Cathy Madavan gives us some helpful advice on how to approach God’s word
Confession time: I’ve been reading, studying, teaching the Bible for over 25 years, and yet I feel like I’m only scratching the surface when it comes to reading scripture. Anyone relate? Occasionally, somebody mentions a Bible story and not only am I not sure where it’s found, I’m not convinced it’s even in the Bible at all! Awkward. And yet, I know that the Bible is a never-ending mine of treasure, and it’s pages continue to offer transformation, hope and wisdom for living. Here, then, are some reflections on how to keep digging deeper into the Bible, no matter how new or familiar it is to you.
Break it down
It’s easy to feel guilty about not reading enough of the Bible, isn’t it? I have certainly felt that way. But instead of giving up or feeling overwhelmed, it’s worth starting somewhere and taking it slowly. Personally, the Bible in One Year app has been a gamechanger for me – I can read or listen to it on audio each day. But sometimes, rather than a few verses from a few places, it’s worth reading (or listening to) a chapter or even a book at a time (maybe even a few times) – it can often make more sense and sink in further that way. Either way, regularly reading small chunks of scripture is a great habit to get into. It’s never too late to start.
Remember it is a library
I wish somebody had explained to me how to read the Bible when I became a Christian. Just as you don’t read a novel in the same way as you read a poem or a science textbook, so I now realise there are various genres of writing in the Bible, and (newsflash) the contents were not written originally to me! It’s fascinating to discover more about the context and history of each book and to explore why and how the writer was writing it. This backdrop helps us to grasp the richness of the writing, and then to consider how it applies to us too.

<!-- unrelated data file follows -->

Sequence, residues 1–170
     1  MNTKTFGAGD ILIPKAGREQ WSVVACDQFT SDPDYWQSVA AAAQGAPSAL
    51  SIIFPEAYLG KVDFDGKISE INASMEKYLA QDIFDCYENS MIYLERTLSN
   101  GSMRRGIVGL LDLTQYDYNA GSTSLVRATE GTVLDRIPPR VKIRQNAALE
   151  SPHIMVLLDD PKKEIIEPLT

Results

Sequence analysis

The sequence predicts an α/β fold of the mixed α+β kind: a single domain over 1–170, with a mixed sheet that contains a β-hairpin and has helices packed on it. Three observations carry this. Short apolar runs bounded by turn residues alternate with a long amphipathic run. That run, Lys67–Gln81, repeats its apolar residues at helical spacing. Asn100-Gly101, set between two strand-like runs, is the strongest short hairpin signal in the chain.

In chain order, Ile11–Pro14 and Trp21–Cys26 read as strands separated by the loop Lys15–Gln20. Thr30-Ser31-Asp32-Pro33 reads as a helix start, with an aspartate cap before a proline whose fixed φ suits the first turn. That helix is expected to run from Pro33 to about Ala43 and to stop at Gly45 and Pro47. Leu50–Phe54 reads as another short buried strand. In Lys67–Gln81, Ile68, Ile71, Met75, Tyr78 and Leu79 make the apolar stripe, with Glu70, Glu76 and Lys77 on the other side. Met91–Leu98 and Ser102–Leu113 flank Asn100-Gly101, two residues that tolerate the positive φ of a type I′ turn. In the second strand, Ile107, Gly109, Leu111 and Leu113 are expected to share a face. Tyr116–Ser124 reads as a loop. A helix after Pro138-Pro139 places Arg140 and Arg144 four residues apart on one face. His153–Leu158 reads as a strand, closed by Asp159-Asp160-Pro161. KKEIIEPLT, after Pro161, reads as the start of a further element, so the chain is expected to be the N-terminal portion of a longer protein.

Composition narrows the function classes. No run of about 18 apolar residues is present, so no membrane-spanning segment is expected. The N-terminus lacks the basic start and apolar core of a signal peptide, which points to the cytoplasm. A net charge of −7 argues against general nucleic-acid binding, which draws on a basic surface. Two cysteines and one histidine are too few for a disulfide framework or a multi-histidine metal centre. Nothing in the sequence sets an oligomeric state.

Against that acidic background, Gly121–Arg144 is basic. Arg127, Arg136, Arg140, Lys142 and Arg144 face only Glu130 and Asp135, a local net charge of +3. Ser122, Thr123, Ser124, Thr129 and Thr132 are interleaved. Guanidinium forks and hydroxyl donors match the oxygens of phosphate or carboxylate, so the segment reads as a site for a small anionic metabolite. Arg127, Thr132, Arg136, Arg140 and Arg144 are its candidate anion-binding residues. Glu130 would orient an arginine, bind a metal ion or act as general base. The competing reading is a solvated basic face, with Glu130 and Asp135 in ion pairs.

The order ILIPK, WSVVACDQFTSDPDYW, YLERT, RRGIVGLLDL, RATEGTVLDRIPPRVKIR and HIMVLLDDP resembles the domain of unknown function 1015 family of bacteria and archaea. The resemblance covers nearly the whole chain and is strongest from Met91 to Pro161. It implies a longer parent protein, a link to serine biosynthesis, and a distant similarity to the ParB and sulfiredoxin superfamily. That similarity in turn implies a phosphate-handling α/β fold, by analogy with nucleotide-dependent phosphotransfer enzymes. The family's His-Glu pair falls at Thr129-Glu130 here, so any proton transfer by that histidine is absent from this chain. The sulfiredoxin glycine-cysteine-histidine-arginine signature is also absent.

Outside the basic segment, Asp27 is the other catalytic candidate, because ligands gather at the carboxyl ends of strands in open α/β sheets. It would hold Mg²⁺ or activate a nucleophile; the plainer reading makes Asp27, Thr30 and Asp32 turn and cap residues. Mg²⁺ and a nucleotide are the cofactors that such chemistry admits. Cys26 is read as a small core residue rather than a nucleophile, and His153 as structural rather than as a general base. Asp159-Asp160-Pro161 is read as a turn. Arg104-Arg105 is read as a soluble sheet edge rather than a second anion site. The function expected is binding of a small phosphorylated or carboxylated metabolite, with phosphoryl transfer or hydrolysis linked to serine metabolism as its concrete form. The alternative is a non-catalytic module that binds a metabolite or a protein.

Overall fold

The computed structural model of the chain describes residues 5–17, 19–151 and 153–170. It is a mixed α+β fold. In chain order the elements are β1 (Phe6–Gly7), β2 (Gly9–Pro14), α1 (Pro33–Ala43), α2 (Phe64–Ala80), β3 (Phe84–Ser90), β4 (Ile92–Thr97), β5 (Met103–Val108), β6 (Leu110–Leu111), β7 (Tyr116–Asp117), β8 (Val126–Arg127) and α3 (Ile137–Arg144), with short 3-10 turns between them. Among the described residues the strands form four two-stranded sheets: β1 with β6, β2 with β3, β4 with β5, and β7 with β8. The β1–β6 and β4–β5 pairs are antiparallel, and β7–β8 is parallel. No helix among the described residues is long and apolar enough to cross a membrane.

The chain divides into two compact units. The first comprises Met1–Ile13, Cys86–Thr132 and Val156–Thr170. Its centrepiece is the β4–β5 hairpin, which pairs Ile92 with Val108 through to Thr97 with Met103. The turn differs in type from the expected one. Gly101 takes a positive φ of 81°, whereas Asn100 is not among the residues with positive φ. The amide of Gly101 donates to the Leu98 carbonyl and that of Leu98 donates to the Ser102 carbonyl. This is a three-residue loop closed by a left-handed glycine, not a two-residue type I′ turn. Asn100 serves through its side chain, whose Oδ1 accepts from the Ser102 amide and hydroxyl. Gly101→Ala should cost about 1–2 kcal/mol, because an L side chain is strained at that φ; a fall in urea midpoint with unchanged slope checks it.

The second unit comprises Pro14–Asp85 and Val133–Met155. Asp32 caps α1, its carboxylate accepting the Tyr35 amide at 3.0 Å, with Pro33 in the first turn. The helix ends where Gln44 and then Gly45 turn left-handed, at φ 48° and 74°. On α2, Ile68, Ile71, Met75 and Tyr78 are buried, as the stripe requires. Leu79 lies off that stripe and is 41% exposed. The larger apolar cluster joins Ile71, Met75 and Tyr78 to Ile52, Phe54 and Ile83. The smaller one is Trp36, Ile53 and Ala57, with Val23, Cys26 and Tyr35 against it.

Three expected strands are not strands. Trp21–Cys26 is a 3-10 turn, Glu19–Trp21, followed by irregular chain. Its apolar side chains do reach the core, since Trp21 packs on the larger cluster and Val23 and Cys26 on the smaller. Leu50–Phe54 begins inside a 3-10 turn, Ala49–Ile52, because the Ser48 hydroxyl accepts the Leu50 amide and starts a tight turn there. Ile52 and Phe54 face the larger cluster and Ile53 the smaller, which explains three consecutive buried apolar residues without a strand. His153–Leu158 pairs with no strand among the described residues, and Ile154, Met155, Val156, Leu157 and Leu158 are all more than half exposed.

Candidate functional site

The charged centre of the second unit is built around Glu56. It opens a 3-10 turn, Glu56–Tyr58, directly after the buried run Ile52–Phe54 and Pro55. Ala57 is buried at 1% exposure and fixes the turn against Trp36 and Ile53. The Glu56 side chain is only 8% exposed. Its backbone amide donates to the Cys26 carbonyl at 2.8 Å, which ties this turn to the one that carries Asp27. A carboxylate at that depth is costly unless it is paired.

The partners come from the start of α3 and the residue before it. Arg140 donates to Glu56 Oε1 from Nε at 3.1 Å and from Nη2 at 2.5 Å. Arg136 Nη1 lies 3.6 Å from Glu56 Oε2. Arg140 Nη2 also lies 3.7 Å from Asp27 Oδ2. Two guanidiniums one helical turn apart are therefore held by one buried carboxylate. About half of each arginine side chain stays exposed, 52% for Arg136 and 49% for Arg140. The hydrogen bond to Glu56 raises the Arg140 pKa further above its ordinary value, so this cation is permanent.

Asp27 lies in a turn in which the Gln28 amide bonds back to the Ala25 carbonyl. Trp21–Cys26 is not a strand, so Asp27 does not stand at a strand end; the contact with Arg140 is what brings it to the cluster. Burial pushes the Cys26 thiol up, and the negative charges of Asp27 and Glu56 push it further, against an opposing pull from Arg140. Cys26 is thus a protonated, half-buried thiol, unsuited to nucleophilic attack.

Read both deep and wide
Have you ever taken time to focus on a verse, a passage or a Psalm, finding out more about it, reading it in different translations, imagining it or even painting or journalling about it? Likewise, the ancient spiritual practice of Lectio Divina (a slow, meditative approach) is a wonderful way of using scripture to pray and contemplate (the Lectio365 app is a helpful starting point for this). But as well as going deeper into one passage (and to avoid ‘proof-texting’ or taking a verse out of context and applying it universally), it’s also good to go wide - finding out what the entire Bible says about a word or theme. A quick internet search or an exploration with a concordance will have you occupied for hours if you so desire! Why not consider how you could go both deep and wide on a favourite passage or theme?
Explore supplementary resources
I’m so thankful for the fantastic resources we have at our disposal. For example, have you checked out the Bible Project (bibleproject.com)? It’s brilliant! The Bible Course from the Bible Society is also excellent for individuals and small groups (biblesociety.org.uk). YouTube is stuffed to the internet rafters with teaching from brilliant folks like NT Wright, Glen Scrivener and Amy Orr- Ewing, and let’s not forget books – I’d highly recommend Study Bibles, daily Bible notes and commentaries, including the ‘For Everyone’ series by NT Wright. Suddenly, with these supplementary resources, the Bible really starts coming to life.
Pray and put it into practice
Of course, reading the Bible is never a purely academic exercise; it is a Spirit-inspired book that transforms our life. When I come to read God’s word each day, I like to pray and ask what the passage teaches me about God and how I should live for him. Thankfully, there is always more to discover, and the Holy Spirit is always at work in us, teaching, guiding and revealing God’s goodness to us. So, let’s pray and be prepared for what God might say today!